Unfortunately, we only got to try the 6 string version out this time around. But if we get our hands on any of the other models, we will definitely update this article. The 7 and 8 string variants share the same features as the 6 string, so if this one is great, I think it is safe to say those will be also.


Schecter Tao 6 String: Out Of The Box

For those of you that are new to how we do things, we always do a first impression right out of the box with guitars. This includes the setup, and an overall inspection of the instrument. We look over everything in great detail.

Right out of the box, the finish is much brighter and richer than what any of the photos have shown. I have been keeping tabs on this guitar since it was announced, and the moment our affiliate got one I rushed over to see it. The Flame Maple veneer is like most Schecter models, and it has a real “3D” look to it. Purple is my favorite color, this shade in fact, exactly.

I was told that I cannot take the sample home, which is good. I would have broken out my wallet immediately. Spoiler alert!

Schecter Guitar Research John Browne Tao
$1,599.00

The Schecter Guitar Research John Browne Tao-6 signature guitar is sleek and sexy with a killer instinct. Flawless in every way the Tao-6 comes loaded with Chaos Breaker neck and Colossus bridge pickups, which are sweet, articulate and punchy. 

I could not find a single flaw, and that is saying a lot since there is no binding to separate the colored top from the unfinished body. You can tell that the body was at least two pieces, but it appears to have a veneer on the BACK of the guitar as well. It looks book-matched? The all satin “feel” is awesome.

The Body is a lot like the Reaper Series, and it is super slim and surprisingly lightweight for a Schecter. WE measured just over 7 LBS. The contours are all fantastic, and the heel joint gives you plenty of access to the upper frets. You get the feel of a neck thru guitar with the options that a bolt-on supplies. It certainly feels a lot like some of the Custom Shop guitars.

The Neck is a 5 piece, and the raw feel of the Wenge is something that I have come to really appreciate with Schecter. The frets were perfect, and we checked both for high frets as well as any fret sprout on both sides. It needed a slight turn of the truss rod to get the neck straight, and the string height was set to exactly 1mm on the low E string. I would lower it slightly considering the radius, but this is not my guitar (unfortunately).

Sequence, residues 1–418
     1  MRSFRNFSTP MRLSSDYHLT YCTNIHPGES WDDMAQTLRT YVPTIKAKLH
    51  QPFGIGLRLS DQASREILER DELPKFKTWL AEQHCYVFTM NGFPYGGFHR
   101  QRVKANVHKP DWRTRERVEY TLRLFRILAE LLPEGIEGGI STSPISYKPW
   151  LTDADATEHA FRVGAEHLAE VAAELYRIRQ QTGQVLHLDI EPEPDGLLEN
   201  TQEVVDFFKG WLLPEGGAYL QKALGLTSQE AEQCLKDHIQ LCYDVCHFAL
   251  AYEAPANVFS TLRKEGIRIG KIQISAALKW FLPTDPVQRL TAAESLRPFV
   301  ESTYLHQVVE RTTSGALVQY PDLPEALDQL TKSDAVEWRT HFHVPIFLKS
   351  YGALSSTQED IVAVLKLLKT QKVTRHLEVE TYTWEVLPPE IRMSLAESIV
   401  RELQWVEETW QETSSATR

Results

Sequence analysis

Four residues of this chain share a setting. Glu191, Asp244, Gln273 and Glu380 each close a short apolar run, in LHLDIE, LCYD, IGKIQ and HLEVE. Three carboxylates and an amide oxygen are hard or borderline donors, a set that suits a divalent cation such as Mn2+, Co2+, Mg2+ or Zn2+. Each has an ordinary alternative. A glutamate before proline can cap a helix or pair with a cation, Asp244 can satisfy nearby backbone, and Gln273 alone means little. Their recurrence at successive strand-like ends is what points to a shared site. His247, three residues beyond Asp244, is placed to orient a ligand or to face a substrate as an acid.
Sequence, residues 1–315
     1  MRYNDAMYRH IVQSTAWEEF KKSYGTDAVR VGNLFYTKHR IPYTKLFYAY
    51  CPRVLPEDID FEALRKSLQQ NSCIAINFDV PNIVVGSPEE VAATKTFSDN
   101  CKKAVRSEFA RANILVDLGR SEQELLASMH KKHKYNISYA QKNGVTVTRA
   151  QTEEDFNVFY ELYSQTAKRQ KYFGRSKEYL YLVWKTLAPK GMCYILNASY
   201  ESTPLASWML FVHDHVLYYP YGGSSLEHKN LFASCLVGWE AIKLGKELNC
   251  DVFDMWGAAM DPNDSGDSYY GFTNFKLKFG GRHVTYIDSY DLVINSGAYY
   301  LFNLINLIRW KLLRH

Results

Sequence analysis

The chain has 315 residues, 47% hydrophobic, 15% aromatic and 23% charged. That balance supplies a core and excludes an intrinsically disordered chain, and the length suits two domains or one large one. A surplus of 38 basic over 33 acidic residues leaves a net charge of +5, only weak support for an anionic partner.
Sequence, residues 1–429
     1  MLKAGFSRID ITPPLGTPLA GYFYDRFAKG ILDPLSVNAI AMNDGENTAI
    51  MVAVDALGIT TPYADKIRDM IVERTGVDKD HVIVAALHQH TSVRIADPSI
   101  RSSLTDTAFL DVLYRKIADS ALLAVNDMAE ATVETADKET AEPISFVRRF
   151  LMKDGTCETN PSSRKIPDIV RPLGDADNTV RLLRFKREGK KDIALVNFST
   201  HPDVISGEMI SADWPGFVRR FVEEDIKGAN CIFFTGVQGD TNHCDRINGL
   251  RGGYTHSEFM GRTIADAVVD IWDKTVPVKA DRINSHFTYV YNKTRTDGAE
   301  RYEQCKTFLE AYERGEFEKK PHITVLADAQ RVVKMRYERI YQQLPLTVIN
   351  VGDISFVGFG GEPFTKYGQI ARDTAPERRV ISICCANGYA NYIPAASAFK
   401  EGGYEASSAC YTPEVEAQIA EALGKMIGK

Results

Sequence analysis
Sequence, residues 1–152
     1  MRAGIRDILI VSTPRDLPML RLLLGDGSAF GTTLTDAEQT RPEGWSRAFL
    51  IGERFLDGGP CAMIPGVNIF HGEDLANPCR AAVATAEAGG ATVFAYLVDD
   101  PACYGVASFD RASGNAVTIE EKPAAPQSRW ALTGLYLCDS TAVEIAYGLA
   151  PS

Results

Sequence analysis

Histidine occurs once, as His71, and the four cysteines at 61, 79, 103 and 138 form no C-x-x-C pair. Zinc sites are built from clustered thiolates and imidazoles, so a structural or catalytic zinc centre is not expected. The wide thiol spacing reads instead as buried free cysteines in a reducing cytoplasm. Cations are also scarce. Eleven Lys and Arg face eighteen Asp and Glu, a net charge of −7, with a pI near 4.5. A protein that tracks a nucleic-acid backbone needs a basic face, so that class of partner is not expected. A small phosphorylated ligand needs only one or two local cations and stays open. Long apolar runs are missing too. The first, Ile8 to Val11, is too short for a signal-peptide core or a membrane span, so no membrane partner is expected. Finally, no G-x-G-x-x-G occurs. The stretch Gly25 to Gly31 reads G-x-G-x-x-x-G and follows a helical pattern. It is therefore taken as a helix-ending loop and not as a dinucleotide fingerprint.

The Hardware is all Hipshot, and I have come to really appreciate most of the Hipshot products. I have the open gear locking tuners on my personal guitar, the Omen Elite 7. The tuners are all perfect, and very precise just like my own set. The Hipshot bridge is something I have become accustomed to as well, and I love how compact and “out of the way” this bridge is when it comes to playing.

Usually I have a complaint in this section, even with Schecter! But I went over the Schecter Tao with the most critical eye possible, and I couldn’t find anything wrong with it. The guitar was even intonated out of the box, and other than the slight truss rod adjust (probably due to the psychotic weather) I didn’t have to do anything to this guitar to get it playing. Maybe the messy paint in the pickup routes (see below)?

I would love to point out a flaw if I could. Trying to capture the true color, and just how nice the top of this guitar looks in person is almost impossible. The combo of the light raw wood back, dark neck, and bright purple Flame Maple is just stunning.

Schecter Tao

Schecter Tao 6 String: Playing And Review

If I am being completely honest with you, this neck on the Schecter Tao feels a whole lot like the neck on the Reaper Elite Series we looked at last month. The thin U profile seems a little slimmer maybe? People that are familiar with Ibanez Prestige necks will be right at home with this guitar.

That being said, the neck is extremely fast. I play in the classical position most of the time, and this neck just feels so unobtrusive. Like, it works as a perfect thumb rest for gliding up and down the neck playing scales. I wish I had the Reaper still, so I could compare both. But they seem very similar when it comes to feel and carve.

The neck “reveal” carve on the headstock is one of my favorite touches when it comes to Schecter design. I believe I first saw it on the standard Reaper guitars, and now on the Schecter Tao. You can see all of the pieces that make up the neck on the headstock. The TUSQ nut was cut perfectly, and it fits into the slot without any overhang or “poking” your hand when you play an F chord.